It was 3:50 p.m. on a Sunday, and I had just finished texting my husband, with my shopping cart pulled up next to a rack of discounted baked goods at the south side Safeway. I asked him if there was anything else he needed me to pick up before I made my way to the tills.
“nopex”, he replied. He must have been holding our three-and-a-half-month-old daughter as he typed. She had been quite squirmy lately, what with her teeth possibly trying to make an appearance and all. My husband had turned off the auto correct feature on his phone long ago, so the typo didn’t really faze me.
I stashed my phone back into the front zipper pocket of my purse and started to push my cart towards the tills. I was met with some resistance, so I checked to see what the shopping cart may have been caught on. The rear left wheel had caught the bottom shelf of the discount pastry rack, adding another scuff to the collection that had already accumulated.
‘At least I’m not the only one’, I thought to myself. I unhinged the cart from the clutches of the rack, and slowly made my way to the tills.
Late Sunday afternoons at the grocery store are always killer. You either have churchgoers, still dressed in their Sunday best, picking up a few odds and ends, clogging up the self check-out line, or the procrastinators who waited until the last minute to pick up their week’s worth of groceries. Thankfully, I had more than what I would normally scan when using the self check-out, so I weaved past the make-shift line that always formed for the terminals, and surveyed the lines for the regular tills.
Choosing the checkout line that will whisk you out of the store the fastest is tough. I could have gone down to the far end line near the produce section where everyone seems to believe it’s an express lane, when really it’s not. (The express lane is actually next to the self checkout lanes, but it is rarely open on Sundays.) Or I could have gone to the line that had a fairly new cashier working the lane. It was a socially awkward fellow by the name of Alex, or something like that. I remembered him because he rang my groceries through the previous week, tripping over his end-of-transaction script as he handed me my receipt. I wasn’t interested in a repeat performance, so I pushed past his line.
I finally decided on a line that had a mother with her two young boys at the end of it. She was looking a bit frazzled as she started placing her items on to the conveyer belt. One of her boys sat in the child’s seat of the shopping cart, his little legs swinging back and forth as they dangled. He was playing with a snowboarder figurine, dressed in dark green like large, plastic army man, but it stood aboard a neon orange snowboard. The boy ran the figurine along the handlebar of the shopping cart, manoeuvring it back and forth as if it were a trick railing.
The boy’s brother, who looked to be about four years old, stood behind his mother as she unloaded the cart’s groceries. He was all over the place as he walked in front of his mother in line, next to her, and behind her again, until she told him to stop and wait for her to finish. He looked down at the floor, dejected. But it didn’t last long as he saw his brother slide the snowboarder figurine back and forth across the handlebar, over and over again. The older brother put his hands up on the handlebar, making more obstacles for his brother to run over, until one pass when the older brother swatted at the figurine, forcing the figurine to the floor. The older brother bent down in front of the front left end of my shopping cart to look for the figurine, but I found that it had landed near the rear right wheel of my shopping cart. I bent down, picked up the figurine, and gave it to the older brother.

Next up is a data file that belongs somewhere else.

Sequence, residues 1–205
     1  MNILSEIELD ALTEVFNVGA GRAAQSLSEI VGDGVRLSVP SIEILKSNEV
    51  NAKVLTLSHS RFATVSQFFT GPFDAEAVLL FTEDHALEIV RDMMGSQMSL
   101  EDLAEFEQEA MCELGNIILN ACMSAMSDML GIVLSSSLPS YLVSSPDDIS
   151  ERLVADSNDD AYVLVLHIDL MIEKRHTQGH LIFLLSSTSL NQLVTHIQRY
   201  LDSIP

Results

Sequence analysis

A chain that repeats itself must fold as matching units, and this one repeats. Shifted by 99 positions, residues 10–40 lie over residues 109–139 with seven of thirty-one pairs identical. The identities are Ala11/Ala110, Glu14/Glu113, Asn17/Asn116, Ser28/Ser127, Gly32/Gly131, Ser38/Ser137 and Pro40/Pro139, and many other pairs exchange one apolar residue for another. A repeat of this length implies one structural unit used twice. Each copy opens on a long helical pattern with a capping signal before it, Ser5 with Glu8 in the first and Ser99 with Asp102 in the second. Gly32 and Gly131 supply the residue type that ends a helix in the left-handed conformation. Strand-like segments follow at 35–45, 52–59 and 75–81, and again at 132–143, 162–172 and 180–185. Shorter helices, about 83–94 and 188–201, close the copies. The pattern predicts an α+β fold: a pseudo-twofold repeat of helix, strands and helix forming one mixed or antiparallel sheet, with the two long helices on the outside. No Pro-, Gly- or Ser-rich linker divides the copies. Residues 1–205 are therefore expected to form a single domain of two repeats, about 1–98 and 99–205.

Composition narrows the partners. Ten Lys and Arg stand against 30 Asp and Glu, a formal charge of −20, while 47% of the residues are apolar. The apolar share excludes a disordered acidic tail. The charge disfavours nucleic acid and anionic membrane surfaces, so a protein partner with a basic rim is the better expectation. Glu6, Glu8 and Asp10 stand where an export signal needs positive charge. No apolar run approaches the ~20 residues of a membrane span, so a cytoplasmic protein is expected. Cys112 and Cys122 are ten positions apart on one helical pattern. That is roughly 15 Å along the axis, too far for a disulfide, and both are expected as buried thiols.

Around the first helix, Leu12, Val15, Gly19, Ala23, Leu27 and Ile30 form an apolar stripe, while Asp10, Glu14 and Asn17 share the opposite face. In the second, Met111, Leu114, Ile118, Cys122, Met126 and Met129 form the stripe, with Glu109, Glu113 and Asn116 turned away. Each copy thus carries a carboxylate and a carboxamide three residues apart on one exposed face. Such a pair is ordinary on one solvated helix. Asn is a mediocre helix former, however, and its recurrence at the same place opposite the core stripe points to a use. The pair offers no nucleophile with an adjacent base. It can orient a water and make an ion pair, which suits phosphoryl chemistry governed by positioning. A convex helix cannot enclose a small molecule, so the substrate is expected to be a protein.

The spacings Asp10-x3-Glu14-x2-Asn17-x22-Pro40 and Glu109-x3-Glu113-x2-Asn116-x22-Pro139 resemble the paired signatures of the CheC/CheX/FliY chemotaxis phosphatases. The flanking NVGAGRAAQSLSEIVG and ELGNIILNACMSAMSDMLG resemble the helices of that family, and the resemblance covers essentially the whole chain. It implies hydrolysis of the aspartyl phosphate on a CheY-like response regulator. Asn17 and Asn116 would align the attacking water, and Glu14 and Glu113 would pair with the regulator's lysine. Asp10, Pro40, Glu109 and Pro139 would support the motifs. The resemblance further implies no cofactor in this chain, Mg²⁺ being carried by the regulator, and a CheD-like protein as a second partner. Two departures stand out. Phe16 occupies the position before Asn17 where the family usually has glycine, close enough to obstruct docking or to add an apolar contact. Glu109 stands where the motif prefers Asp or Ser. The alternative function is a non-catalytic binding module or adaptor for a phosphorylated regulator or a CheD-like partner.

“Here you go”, I said to the older brother. He just looked up at me, then quickly turned to his little brother and handed him the toy. It was at this moment that the little boy finally made eye contact with me. He had been so enthralled with his toy that he didn’t notice me the entire time I had been standing behind him with my cart (not that I expected him to). He was maybe two years old. Toys are important at that age, y’see.
“Thanks!” I heard their mother hastily reply, then went back to unloading the groceries. When she was done, she came to the rear of her cart and pushed it on through. Between paying attention to the cashier, her rambunctious older son, and her younger son still sitting in the cart, I could tell her day had been a rough one. Her younger son dropped his figurine a second time, and his brother went to pick it up, but played keep away with it until his brother squealed and his mother scolded him, telling him to give the toy back. Dejected once again, the boy did as he was told, and rounded to the front of their shopping cart, shoved his hands in his pockets, and waited for his mother to complete her transaction.
Having payed for her groceries and obtaining her receipt, she guided her cart off to the north-east entrance, disappearing from my cognizance.
“Sounds like they’ve had a long day” the cashier chimed in, interrupting my thoughts.
“Hmm?” I faltered, then quickly realized what she said. In order to keep up with the social conventions of small talk, I replied “Oh, yeah. Hopefully they’re heading home”.
I was never that great at small talk.
(Weekly Writing Challenge: Three Ways to Go Gonzo)